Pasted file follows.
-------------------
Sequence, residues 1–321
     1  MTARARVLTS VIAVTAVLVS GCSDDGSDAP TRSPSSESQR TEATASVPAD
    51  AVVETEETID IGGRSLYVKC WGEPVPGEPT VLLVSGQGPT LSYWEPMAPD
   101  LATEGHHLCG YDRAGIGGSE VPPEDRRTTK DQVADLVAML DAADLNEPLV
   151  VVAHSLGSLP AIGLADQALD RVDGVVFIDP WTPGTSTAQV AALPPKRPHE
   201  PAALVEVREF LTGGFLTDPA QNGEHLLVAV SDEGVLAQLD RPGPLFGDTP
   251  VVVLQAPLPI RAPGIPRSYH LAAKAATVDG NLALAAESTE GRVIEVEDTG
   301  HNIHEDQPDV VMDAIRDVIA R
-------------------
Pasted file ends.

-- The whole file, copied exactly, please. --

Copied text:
Sequence, residues 1–321
     1  MTARARVLTS VIAVTAVLVS GCSDDGSDAP TRSPSSESQR TEATASVPAD
    51  AVVETEETID IGGRSLYVKC WGEPVPGEPT VLLVSGQGPT LSYWEPMAPD
   101  LATEGHHLCG YDRAGIGGSE VPPEDRRTTK DQVADLVAML DAADLNEPLV
   151  VVAHSLGSLP AIGLADQALD RVDGVVFIDP WTPGTSTAQV AALPPKRPHE
   201  PAALVEVREF LTGGFLTDPA QNGEHLLVAV SDEGVLAQLD RPGPLFGDTP
   251  VVVLQAPLPI RAPGIPRSYH LAAKAATVDG NLALAAESTE GRVIEVEDTG
   301  HNIHEDQPDV VMDAIRDVIA R